News and Press Releases

Victor Raul andia Sentenced in U.S. District Cour

Thursday, July 01, 2010

The United States Attorney's Office announced that during a federal court session in Billings, on July 1, 2010, before Chief U.S. District Judge Richard F. Cebull, VICTOR RAUL ANDIA, a 25-year-old citizen of Peru, appeared for sentencing. ANDIA was sentenced to a term of:

  • Prison: 14 months
  • Special Assessment: $200
  • Restitution: to be determined within 90 days
  • Supervised Release: 3 years

ANDIA was sentenced in connection with his guilty plea to conspiracy to pass counterfeit money.

In an Offer of Proof filed by Assistant U.S. Attorney Ryan M. Archer, the government stated it would have proved at trial the following:

On March 6 -7, 2009, merchants in the Billings area began receiving numerous counterfeit $100 bills. On March 7-8, 2009, merchants in the Great Falls area began receiving the same kind of $100 bills. These counterfeit notes contain different serial numbers, but had common identifiers such as a face plate number G-24 and a back plate number 29. All the notes were a 1999 series.

Further analysis conducted by the United States Secret Service indicated that these particular counterfeit notes are known as "circular 22705" or "C-22705." The Secret Service has tracked this counterfeit note since 2003 and it is known to be in a "family" of counterfeit notes manufactured in Peru. According to Secret Service statistics, these Peruvian notes have constituted $7.8 million dollars circulated across the United States in the past year. In addition, $446,280 in fake U.S. currency from Peru was seized before it was circulated in the United States (mostly at ports or airports), and more than $18.2 million in raids in Peru.

Since 2008, the C-22705 has consistently ranked in the top 3 of most circulating counterfeit notes in the country and is only surpassed by additional notes of the same Peruvian Note Family. Approximately $25,000 - $50,000 of the C-22705 is consistently passed every week in the United States.

Several merchants who received these counterfeit notes in Billings and Great Falls provided surveillance photographs of the counterfeit passes. These photos depict two Hispanic males passing the counterfeit $100 bills. An agent contacted a motel in Billings and discovered that a Hispanic male stayed there the night of March 6 and listed one other adult as staying in the room. The receipt showed that ANDIA checked into the motel, listing his address in Reseda, California. A criminal history check revealed that ANDIA was arrested in February 2009 for reckless driving in Oregon. Reports indicated that ANDIA was the driver and S.P. was ANDIA's passenger during that incident.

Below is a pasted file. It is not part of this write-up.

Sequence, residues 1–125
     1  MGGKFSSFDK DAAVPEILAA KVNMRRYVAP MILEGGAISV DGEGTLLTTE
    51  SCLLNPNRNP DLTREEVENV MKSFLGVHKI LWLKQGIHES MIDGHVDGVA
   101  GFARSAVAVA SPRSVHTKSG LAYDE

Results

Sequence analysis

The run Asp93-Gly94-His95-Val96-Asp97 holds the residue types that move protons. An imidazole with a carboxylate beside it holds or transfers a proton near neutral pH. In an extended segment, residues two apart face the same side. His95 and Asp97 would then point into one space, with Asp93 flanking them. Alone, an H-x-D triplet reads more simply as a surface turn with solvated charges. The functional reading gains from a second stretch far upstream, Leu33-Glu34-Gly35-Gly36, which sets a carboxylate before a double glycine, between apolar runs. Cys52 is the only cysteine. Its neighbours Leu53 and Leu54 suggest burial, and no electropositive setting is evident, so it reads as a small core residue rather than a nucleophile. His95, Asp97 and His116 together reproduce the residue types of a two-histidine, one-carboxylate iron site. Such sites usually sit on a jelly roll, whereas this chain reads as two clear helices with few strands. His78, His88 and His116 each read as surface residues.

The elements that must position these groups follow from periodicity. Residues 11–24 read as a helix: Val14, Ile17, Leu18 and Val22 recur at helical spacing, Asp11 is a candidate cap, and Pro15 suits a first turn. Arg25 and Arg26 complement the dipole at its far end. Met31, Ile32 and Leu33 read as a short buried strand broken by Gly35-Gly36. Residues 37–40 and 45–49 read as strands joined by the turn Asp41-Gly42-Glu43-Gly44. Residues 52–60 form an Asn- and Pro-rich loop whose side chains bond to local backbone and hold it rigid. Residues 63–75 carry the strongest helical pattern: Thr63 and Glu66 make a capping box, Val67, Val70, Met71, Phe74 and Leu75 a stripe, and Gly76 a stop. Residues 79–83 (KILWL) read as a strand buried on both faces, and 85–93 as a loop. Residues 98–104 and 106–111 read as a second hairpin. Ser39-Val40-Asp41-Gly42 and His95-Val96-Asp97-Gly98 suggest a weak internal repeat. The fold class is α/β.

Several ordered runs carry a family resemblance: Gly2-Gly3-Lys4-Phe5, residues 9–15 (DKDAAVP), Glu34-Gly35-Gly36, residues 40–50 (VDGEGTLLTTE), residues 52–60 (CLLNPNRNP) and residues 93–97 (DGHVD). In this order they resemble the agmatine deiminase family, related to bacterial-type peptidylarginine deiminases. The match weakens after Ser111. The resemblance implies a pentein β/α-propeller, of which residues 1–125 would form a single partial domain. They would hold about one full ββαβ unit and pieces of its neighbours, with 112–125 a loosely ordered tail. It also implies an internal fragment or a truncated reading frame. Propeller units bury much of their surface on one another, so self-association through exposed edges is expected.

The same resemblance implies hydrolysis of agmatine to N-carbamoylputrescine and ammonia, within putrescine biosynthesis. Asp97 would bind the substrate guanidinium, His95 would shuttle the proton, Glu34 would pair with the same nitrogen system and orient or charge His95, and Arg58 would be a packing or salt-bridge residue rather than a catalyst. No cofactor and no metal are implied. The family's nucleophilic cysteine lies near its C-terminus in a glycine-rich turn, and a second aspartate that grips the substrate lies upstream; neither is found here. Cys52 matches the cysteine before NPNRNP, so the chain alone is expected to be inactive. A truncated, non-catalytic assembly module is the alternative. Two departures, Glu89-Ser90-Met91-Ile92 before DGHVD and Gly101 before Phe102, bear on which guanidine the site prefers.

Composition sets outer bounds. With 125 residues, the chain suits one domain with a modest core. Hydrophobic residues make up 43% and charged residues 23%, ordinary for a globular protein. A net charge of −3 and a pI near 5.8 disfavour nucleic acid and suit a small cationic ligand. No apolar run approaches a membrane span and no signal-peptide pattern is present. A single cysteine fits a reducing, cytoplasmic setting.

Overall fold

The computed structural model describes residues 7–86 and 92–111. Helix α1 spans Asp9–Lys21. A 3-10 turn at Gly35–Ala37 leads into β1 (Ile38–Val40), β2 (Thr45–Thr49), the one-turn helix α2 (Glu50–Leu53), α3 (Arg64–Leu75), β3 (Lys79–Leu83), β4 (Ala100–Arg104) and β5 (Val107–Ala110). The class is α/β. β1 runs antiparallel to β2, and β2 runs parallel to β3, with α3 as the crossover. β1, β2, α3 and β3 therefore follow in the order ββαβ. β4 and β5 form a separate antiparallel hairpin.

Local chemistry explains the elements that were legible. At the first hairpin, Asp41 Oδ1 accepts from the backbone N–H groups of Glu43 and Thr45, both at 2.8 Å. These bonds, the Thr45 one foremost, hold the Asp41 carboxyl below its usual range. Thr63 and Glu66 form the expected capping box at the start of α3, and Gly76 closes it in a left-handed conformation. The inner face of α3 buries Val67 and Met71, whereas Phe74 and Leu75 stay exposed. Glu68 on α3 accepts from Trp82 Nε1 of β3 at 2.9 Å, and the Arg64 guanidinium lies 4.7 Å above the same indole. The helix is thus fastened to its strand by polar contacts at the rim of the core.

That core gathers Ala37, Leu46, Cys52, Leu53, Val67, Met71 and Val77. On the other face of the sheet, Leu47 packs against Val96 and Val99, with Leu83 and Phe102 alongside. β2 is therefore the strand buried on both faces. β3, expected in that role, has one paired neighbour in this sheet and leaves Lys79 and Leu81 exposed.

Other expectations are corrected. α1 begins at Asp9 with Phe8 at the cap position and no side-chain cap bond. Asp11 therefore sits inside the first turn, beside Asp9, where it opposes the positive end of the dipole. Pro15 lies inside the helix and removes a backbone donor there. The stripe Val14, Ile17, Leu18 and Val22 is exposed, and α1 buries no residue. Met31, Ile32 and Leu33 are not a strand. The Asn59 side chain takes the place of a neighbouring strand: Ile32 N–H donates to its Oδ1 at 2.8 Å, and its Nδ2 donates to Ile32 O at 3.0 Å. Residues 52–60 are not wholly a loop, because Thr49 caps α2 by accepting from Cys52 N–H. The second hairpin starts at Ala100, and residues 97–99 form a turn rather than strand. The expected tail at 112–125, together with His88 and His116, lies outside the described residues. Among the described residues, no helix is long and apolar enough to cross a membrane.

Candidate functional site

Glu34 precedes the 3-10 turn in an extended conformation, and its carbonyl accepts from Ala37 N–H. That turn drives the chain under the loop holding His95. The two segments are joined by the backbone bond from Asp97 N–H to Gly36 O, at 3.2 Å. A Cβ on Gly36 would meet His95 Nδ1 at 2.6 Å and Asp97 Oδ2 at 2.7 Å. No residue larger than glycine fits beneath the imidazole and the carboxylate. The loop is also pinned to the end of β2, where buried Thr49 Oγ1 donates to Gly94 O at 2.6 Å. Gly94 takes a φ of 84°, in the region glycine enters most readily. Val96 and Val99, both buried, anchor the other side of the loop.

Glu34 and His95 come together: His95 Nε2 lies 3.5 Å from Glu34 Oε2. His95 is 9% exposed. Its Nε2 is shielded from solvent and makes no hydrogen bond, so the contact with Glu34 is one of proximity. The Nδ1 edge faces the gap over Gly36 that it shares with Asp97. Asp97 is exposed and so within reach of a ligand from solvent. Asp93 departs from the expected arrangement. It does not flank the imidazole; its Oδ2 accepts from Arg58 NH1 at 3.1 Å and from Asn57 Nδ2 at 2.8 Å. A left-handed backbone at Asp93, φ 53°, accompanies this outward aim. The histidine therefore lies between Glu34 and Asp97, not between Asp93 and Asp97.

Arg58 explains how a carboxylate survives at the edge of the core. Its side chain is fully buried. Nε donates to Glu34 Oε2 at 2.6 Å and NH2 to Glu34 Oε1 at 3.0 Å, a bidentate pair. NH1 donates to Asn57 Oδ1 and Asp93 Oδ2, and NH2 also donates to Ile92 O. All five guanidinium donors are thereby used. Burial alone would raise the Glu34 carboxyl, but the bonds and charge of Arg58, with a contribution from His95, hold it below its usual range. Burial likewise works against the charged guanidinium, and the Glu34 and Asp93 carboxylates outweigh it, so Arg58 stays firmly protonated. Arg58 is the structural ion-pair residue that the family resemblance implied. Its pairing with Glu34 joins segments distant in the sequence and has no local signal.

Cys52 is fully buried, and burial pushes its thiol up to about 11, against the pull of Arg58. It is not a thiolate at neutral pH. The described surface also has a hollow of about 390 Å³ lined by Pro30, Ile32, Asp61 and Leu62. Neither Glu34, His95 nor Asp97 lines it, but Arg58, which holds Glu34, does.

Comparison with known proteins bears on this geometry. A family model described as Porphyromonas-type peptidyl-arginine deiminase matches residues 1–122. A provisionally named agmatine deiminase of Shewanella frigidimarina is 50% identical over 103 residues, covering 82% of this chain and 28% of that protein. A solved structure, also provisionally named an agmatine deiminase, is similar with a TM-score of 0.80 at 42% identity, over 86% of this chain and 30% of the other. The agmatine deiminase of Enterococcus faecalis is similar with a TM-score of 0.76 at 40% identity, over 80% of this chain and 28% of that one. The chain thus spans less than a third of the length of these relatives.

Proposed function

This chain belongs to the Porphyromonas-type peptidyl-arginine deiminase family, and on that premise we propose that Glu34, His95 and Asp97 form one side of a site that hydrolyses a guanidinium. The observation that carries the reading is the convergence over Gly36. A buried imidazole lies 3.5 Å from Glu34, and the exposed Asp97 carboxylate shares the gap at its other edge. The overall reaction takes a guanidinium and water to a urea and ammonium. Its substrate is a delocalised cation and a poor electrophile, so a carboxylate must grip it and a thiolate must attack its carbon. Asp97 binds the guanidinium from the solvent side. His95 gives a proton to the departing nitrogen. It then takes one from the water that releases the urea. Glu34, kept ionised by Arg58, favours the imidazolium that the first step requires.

The agent received driver's license photographs for ANDIA and S.P. Comparing these photographs to the surveillance images of counterfeit passes in Great Falls and Billings clearly illustrates that ANDIA and S.P. were the individuals passing counterfeit notes. A photo lineup was shown to an employee at store on Grand Avenue in Billings where one of the counterfeit notes was passed. The employee positively identified S.P. as the individual who passed the counterfeit note. Additional surveillance images show individuals that appear to be ANDIA and S.P. making passes at various locations in Billings and Great Falls.

Additional on-going investigation has revealed that ANDIA is associated with a group primarily responsible for circulating the C-22705 counterfeit note throughout the western United States. Recent arrests in the summer of 2009 garnered statements from other individuals. One statement identified ANDIA as providing $6,000 in additional counterfeit with an agreement that proceeds be split 50-50.

In all, ANDIA and S.P. passed over $12,000 in Montana in the course of a few days. Further investigation revealed that between January 2009 and March 13, 2009, there were 177 passes in Washington and 2 in the state of Oregon for this same C-22705 note.

Because there is no parole in the federal system, the "truth in sentencing" guidelines mandate that ANDIA will likely serve all of the time imposed by the court. In the federal system, ANDIA does have the opportunity to earn a sentence reduction for "good behavior." However, this reduction will not exceed 15% of the overall sentence.

The investigation was conducted by the U.S. Secret Service.



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